During the negotiations, Seattle has sought information on Hansen’s various investments, including his stake in social networking site Facebook, to assess the hedge fund manager’s financial solvency. As part of the deal with the city this week, Hansen has agreed to an independent audit to prove he’s worth at least $300 million, according to news reports.

When initially presented with Hansen’s plans earlier this year, Seattle Mayor Michael McGinn and King County Executive Dow Constantine—both of whom are lawyers—appointed a 10-member arena advisory panel to evaluate the proposal’s financial merits. The panel’s members included former Sonics coach and NBA legend Lenny Wilkens and Stoel Rives health care partner Anthony Miles, who joined the firm in 2009 from K&L Gates. (Miles told The Am Law Daily via email that he did not participate in the body’s deliberations because “professional obligations” required him to resign before the first meeting.)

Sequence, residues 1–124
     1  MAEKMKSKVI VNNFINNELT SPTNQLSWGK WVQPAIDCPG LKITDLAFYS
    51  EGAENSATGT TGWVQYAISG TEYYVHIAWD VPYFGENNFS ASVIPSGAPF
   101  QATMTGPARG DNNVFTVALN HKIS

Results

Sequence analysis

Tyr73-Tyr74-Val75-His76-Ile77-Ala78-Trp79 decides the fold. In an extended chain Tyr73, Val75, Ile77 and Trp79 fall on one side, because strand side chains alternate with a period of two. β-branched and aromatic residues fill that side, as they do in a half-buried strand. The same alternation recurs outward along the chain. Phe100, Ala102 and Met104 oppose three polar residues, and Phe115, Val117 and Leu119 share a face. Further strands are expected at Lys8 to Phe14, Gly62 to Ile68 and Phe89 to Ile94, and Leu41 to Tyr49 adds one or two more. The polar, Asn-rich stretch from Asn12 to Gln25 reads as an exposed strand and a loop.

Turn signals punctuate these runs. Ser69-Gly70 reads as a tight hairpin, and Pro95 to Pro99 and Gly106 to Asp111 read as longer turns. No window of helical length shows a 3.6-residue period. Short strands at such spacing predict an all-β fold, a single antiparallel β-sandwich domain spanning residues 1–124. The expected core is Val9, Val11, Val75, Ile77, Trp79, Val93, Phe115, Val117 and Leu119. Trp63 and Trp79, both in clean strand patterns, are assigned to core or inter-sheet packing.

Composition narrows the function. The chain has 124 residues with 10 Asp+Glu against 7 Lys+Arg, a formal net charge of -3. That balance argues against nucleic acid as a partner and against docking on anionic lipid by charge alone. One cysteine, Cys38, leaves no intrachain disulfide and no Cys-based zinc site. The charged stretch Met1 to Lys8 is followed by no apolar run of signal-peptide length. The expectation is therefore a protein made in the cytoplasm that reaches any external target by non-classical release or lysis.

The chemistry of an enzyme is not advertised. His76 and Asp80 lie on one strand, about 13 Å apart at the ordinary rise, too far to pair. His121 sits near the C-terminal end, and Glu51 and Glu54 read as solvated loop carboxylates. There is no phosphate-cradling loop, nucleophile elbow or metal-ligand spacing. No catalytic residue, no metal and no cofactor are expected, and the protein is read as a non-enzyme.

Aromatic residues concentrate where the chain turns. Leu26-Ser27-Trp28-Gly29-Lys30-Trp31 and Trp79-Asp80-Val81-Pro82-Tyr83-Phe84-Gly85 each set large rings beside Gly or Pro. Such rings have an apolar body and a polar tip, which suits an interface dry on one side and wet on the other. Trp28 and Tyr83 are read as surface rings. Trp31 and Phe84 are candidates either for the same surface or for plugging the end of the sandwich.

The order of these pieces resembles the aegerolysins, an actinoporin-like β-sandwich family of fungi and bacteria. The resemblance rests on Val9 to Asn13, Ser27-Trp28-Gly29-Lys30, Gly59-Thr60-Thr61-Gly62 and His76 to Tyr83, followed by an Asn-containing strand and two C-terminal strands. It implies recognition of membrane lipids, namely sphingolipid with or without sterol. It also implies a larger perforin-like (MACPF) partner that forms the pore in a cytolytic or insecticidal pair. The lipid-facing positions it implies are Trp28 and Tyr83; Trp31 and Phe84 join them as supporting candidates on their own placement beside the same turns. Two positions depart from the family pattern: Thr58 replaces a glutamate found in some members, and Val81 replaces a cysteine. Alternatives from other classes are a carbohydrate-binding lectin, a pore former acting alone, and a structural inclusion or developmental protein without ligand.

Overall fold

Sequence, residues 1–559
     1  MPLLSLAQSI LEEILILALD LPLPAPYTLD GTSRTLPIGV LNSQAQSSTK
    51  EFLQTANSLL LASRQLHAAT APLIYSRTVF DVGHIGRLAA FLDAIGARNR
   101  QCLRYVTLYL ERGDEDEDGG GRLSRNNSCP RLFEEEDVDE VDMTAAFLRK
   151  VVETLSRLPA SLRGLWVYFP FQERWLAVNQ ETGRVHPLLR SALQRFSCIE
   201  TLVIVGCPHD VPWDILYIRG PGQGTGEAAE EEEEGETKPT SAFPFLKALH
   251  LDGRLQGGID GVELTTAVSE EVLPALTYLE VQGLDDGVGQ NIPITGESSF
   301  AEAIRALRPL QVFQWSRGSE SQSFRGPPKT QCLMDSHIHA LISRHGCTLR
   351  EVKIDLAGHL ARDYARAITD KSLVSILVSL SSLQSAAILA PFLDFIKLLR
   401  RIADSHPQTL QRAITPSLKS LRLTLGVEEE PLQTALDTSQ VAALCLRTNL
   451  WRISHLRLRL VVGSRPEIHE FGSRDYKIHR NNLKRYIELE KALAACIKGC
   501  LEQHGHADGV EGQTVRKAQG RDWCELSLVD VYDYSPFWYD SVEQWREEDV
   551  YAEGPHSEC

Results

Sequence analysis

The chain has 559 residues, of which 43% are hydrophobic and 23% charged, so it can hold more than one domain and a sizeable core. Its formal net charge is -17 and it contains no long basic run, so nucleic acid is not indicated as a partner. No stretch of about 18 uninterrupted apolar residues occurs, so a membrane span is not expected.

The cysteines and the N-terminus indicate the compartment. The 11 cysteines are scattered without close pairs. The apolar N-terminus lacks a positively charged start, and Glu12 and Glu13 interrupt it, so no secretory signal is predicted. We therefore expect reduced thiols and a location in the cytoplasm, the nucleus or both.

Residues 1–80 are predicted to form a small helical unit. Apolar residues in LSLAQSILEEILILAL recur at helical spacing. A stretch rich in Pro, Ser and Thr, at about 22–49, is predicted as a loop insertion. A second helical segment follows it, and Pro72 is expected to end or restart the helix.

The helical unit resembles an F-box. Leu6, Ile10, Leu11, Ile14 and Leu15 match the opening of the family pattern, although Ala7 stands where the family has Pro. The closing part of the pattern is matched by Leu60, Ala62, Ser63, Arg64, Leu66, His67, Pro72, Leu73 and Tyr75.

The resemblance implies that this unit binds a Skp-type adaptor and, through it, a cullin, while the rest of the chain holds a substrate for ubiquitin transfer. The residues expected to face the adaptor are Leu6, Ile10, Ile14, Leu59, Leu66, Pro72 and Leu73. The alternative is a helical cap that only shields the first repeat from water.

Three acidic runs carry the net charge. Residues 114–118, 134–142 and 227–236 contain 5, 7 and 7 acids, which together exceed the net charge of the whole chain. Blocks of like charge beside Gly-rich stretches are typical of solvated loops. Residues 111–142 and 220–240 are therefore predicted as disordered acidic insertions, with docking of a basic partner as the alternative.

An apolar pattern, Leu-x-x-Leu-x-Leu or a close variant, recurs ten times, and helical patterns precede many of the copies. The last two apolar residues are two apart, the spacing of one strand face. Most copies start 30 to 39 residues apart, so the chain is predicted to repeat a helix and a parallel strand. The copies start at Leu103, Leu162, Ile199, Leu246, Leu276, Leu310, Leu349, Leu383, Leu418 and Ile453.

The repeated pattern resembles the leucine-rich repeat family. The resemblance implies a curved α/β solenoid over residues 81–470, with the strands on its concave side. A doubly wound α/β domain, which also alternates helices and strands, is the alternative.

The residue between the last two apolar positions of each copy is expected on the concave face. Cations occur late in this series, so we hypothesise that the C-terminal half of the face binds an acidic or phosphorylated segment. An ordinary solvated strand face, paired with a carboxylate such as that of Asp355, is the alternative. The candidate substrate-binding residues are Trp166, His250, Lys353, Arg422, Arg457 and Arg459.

Hurdles to a final deal remain. Peter Goldman, director and managing attorney of environmental group the Washington Forest Law Center, and Mariners vice president of legal and government affairs Bart Waldman signed a letter earlier this month objecting to the tentative agreement between the city and Hansen. (Goldman was out of the office and not immediately available for comment; the Mariners have publicly cited traffic and scheduling concerns as their reasons for opposing the arena.)

Spitzer says the environmental impact study must still be completed in order for the deal to move forward, and Hansen himself also must find a team willing to move into the new building.

The NHL’s Edmonton Oilers, whose own arena lease expires in 2014, are one team that has reportedly held discussions about possibly moving to Seattle.